Tuesday, February 22, 2011

Another Preventable Crisis

The Triad Group of Hartland, WI is fast becoming the latest posterchild for preventable business crises.

2-year-old Harrison Kothari of Houston, TX died Dec. 1, 2010 from a rare infection that has been linked to a contaminated alcohol wipe used in a hospital. His parents have filed a "gross negligence" lawsuit. At last count this week, more than 50 potential victims have contacted plaintiff's attorneys wanting to sue. That number is sure to swell.

Then, this week, to make matters worse, it was reported that the U.S. Food and Drug Administration (FDA) found signs of sterilization problems and contamination at the Wisconsin plant in July 2009 and didn't take any documented enforcement action.

Additional government documents indicate inspectors found similar sterilization problems in the same plant a year later, with still no sign that a clean-up was ordered.

In fact, MSNBC.Com has found FDA documents from the summer of 2009 that say, "Procedures designed to prevent microbiological contamination of drug products purporting to be sterile are not followed."

After the death of the Texas boy, Triad began a recall of millions of alcohol wipes, potentially contaminated with the rare bacteria Bacillus cereus. The FDA has received at least 100 reports of problems likely caused by the contaminated wipes since the recall was announced.

After the death of the 2-year-old, FDA launched an investigation, but neither the FDA nor Triad are talking.

This is beginning to look like another company that ignored the warning signs of impending trouble and will have no one else to blame when the company collapses and fails.

Remember, two-thirds of all business crises are preventable. All you have to do is look for the signs of trouble and take action to fix what ever is wrong then, not later.

A $30-million lawsuit has since been filed by a Tennessee man who had to have open-heart surgery after his heart was infected with the rare infection.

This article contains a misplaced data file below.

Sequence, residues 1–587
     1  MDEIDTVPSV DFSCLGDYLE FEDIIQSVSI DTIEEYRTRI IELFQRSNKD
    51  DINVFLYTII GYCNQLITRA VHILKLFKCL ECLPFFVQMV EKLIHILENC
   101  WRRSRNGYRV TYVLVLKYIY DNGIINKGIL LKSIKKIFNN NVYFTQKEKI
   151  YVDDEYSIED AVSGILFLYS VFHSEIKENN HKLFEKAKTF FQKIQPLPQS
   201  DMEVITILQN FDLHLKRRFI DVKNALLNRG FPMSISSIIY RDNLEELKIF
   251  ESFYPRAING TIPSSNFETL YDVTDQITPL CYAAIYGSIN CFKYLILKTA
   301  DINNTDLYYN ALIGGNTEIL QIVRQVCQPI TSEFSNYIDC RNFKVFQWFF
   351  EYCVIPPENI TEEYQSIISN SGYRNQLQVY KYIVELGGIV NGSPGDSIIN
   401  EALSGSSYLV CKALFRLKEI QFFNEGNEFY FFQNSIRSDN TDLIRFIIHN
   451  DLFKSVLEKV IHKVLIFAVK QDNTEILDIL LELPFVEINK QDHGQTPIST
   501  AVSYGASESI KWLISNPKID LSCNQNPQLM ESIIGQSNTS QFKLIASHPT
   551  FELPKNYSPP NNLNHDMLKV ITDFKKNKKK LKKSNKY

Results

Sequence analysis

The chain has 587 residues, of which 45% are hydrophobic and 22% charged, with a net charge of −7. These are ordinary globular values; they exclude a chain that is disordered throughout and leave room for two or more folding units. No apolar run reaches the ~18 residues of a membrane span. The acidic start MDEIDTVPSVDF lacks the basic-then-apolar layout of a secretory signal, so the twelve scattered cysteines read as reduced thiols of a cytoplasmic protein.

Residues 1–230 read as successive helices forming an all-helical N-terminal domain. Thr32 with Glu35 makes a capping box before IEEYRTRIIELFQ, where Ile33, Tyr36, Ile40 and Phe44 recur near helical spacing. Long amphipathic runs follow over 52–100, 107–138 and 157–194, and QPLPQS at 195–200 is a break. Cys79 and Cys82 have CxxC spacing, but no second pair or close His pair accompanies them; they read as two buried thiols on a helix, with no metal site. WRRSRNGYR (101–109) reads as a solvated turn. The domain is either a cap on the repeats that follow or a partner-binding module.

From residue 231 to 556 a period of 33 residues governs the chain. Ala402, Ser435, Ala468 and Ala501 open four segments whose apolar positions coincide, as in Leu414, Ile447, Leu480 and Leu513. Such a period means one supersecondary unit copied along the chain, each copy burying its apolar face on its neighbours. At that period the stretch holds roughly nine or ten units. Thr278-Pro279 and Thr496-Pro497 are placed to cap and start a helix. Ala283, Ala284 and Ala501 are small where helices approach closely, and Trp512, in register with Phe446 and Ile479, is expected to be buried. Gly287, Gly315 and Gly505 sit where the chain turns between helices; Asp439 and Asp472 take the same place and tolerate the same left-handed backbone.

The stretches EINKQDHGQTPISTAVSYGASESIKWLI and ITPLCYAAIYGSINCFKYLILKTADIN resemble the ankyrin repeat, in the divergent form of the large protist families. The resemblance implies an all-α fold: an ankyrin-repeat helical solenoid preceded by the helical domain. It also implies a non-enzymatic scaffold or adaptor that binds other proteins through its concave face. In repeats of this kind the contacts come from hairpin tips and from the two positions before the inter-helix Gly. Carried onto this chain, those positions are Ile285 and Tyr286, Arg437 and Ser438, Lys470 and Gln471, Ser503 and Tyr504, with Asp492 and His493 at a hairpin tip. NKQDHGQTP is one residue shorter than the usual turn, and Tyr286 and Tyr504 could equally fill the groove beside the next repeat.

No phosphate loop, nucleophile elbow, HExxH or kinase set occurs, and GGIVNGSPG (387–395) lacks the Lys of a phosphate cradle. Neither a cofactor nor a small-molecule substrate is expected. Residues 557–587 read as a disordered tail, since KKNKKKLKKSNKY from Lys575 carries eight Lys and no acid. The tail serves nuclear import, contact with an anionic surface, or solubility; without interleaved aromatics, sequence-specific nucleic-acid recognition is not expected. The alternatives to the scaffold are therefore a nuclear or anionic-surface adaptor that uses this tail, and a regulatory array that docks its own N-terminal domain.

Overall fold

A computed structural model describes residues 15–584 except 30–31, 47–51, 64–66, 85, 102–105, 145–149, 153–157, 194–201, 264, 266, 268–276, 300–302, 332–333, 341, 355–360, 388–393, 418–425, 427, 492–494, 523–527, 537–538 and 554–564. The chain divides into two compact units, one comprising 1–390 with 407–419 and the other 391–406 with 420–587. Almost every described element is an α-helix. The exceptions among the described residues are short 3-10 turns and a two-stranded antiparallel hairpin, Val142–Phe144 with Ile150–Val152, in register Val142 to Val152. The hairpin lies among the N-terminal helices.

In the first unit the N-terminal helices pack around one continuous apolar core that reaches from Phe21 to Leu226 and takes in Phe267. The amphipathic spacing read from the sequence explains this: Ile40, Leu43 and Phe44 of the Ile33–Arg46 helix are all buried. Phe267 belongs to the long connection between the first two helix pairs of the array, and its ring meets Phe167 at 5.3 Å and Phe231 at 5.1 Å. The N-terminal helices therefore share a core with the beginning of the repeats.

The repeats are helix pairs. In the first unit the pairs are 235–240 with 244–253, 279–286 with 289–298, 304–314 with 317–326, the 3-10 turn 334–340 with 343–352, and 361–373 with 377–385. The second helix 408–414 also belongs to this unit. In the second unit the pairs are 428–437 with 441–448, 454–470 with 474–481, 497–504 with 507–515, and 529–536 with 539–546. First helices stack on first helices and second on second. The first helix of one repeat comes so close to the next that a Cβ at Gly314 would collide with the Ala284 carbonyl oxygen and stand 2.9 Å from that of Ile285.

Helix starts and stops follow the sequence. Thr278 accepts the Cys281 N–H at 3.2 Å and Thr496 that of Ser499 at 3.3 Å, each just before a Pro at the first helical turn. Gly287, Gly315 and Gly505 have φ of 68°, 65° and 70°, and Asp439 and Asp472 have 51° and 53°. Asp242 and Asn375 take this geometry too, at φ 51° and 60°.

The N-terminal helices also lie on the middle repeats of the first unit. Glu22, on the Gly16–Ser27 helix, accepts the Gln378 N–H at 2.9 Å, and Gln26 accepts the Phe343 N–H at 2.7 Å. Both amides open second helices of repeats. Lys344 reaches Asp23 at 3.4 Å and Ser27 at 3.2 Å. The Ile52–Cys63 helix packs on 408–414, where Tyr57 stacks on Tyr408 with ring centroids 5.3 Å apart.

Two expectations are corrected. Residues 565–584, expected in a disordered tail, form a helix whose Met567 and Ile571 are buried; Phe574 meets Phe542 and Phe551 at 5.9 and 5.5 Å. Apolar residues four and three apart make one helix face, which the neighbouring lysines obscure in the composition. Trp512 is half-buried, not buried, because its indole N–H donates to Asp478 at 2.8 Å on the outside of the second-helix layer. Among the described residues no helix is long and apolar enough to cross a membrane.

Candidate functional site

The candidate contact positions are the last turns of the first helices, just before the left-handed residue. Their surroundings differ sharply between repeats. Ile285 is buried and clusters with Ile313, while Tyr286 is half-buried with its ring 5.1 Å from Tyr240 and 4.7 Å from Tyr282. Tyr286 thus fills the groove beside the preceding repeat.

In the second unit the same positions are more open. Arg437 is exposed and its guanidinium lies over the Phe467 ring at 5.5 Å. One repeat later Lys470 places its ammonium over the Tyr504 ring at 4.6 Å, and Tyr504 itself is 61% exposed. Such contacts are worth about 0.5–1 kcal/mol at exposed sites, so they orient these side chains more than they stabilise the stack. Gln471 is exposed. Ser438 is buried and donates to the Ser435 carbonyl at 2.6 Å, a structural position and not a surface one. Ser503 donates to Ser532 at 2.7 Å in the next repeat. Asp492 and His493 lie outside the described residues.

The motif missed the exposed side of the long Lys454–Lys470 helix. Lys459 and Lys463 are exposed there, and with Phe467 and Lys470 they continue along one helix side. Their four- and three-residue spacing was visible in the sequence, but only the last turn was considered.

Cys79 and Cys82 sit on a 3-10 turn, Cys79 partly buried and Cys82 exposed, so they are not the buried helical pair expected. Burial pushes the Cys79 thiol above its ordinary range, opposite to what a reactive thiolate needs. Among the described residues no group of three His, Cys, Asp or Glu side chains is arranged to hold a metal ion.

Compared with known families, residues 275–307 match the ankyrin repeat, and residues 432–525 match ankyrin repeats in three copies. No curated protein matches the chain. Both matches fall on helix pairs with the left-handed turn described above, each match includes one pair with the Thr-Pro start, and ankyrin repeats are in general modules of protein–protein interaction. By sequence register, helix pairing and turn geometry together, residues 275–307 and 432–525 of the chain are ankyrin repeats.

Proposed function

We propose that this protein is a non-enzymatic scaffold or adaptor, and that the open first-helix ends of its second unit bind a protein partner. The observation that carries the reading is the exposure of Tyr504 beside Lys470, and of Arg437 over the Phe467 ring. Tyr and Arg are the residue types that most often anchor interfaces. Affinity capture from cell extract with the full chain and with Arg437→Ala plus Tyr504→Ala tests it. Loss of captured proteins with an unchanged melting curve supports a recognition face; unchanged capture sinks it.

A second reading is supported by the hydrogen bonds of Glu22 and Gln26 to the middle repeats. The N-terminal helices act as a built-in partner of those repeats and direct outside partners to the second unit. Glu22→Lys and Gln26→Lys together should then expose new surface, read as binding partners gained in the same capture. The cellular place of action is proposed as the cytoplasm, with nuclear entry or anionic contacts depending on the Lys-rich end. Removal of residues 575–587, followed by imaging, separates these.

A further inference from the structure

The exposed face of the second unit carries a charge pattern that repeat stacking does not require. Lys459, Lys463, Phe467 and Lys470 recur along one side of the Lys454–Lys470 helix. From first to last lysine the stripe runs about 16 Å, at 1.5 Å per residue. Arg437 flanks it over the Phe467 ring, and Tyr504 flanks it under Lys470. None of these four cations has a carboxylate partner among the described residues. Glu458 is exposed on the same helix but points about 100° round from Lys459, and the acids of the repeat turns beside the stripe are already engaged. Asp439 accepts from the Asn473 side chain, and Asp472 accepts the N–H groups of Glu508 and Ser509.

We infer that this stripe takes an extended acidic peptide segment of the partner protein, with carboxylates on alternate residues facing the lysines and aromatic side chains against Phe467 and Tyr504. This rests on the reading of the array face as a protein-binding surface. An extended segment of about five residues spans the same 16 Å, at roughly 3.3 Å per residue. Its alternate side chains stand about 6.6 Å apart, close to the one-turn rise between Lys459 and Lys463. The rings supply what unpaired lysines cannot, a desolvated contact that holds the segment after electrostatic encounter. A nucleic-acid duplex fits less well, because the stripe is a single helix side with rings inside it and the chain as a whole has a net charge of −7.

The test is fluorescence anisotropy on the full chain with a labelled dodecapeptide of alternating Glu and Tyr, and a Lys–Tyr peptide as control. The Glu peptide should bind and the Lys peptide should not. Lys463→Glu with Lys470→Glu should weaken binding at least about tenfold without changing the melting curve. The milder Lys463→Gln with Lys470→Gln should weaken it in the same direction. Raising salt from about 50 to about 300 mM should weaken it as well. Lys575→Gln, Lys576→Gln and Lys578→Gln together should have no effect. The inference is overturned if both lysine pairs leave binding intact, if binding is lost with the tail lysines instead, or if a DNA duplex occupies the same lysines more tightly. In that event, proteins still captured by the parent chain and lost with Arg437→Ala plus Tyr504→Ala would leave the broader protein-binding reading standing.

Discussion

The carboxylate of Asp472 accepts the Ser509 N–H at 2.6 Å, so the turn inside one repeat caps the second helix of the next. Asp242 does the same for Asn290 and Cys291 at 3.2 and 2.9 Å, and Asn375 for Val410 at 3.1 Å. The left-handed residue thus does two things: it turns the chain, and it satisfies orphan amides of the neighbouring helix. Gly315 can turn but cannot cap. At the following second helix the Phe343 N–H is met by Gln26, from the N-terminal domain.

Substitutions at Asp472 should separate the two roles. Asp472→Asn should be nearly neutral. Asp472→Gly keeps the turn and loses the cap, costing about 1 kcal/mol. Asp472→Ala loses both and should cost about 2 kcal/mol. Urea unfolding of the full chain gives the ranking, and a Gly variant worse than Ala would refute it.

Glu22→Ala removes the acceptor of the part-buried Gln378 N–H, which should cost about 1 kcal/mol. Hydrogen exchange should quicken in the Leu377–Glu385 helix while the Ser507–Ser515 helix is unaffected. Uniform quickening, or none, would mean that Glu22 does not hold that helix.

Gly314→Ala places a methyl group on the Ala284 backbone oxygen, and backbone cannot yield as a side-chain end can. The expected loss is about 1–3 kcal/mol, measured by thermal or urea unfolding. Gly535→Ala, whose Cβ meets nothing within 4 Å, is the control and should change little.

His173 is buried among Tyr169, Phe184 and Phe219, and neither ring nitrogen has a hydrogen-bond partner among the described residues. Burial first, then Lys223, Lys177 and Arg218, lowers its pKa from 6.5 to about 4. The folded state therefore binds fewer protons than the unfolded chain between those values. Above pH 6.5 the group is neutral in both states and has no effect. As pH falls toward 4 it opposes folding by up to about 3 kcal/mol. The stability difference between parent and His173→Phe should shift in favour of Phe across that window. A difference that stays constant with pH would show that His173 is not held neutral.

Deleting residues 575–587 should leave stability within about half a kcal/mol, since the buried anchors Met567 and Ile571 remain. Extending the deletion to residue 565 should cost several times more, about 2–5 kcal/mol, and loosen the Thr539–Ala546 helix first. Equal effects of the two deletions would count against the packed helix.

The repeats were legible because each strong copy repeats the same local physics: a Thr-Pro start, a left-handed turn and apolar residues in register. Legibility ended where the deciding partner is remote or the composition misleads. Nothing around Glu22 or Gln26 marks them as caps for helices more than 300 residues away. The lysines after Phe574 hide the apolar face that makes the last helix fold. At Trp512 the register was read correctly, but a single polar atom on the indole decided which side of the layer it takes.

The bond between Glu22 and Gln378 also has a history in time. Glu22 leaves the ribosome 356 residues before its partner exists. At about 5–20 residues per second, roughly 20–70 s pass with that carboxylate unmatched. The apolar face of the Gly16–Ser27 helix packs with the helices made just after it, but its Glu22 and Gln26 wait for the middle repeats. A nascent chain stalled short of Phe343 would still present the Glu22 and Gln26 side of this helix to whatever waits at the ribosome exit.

In addition to the victims of the contaminated wipes, FDA now joins the government agencies that failed to do their jobs, which contributed to the Massey Coal Mine disaster and the BP oil well explosion and spill.

Thursday, February 17, 2011

The BP Verdict Is In

The verdict is in, and as the Institute for Crisis Management says so often, "The sad fact is that this was an entirely preventable disaster."

It was also the conclusion of Fred Bartlit, chief counsel for the Federal Commission investigating the BP oil well explosion and spill in his detailed summary of the final report. The report had been submitted a month ago, but this subsequent report includes more detail.

Bartlit, said in a statement. "Poor decisions by management were the real cause."

In 20 years of tracking negative business news, the Institute for Crisis Management has found year after year that two-thirds of all organizational crises are what we call “smoldering” crises.

They start out small, usually internal, and in almost every case, someone or several someones should spot them and recognize their potential to grow into a major business disruption and ultimate crisis. And in most cases, they end up costing the company far more in the long-run than they would have spent to avoid or prevent the issue from getting out of hand and becoming a public embarrassment later.

According to the BP Commission report, there were signs of potential disaster as early as 2007.

Investigators found repeated signs of incompetence and carelessness and disregard of warning signs of both, over at least three years, before the well blew-up, collapsed into the Gulf and began spewing crude oil across the region.

All you have to do is create a work environment where everyone is paying attention to what is going on around them, and no one is afraid to speak up when they see a problem and tell someone who can do something about it.

That’s not hard to do.

Friday, February 11, 2011

Register Now and Save Money on ICM Crisis Training